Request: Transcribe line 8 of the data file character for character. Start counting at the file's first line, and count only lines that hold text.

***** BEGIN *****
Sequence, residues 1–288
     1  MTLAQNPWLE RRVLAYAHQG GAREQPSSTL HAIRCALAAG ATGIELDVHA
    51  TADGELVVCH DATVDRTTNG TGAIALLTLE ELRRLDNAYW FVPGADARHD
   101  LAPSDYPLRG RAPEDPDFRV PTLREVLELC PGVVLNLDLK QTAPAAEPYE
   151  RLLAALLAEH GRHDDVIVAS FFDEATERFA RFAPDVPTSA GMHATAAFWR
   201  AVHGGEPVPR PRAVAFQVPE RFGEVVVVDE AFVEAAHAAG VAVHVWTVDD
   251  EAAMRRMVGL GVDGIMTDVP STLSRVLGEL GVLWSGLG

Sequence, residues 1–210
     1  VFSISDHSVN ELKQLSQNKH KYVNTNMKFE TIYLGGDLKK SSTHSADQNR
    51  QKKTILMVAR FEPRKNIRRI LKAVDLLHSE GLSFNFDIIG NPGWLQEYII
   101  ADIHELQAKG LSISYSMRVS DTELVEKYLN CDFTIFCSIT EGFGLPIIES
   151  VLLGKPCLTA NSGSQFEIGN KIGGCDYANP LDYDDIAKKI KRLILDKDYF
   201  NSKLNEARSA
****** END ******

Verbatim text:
Sequence, residues 1–210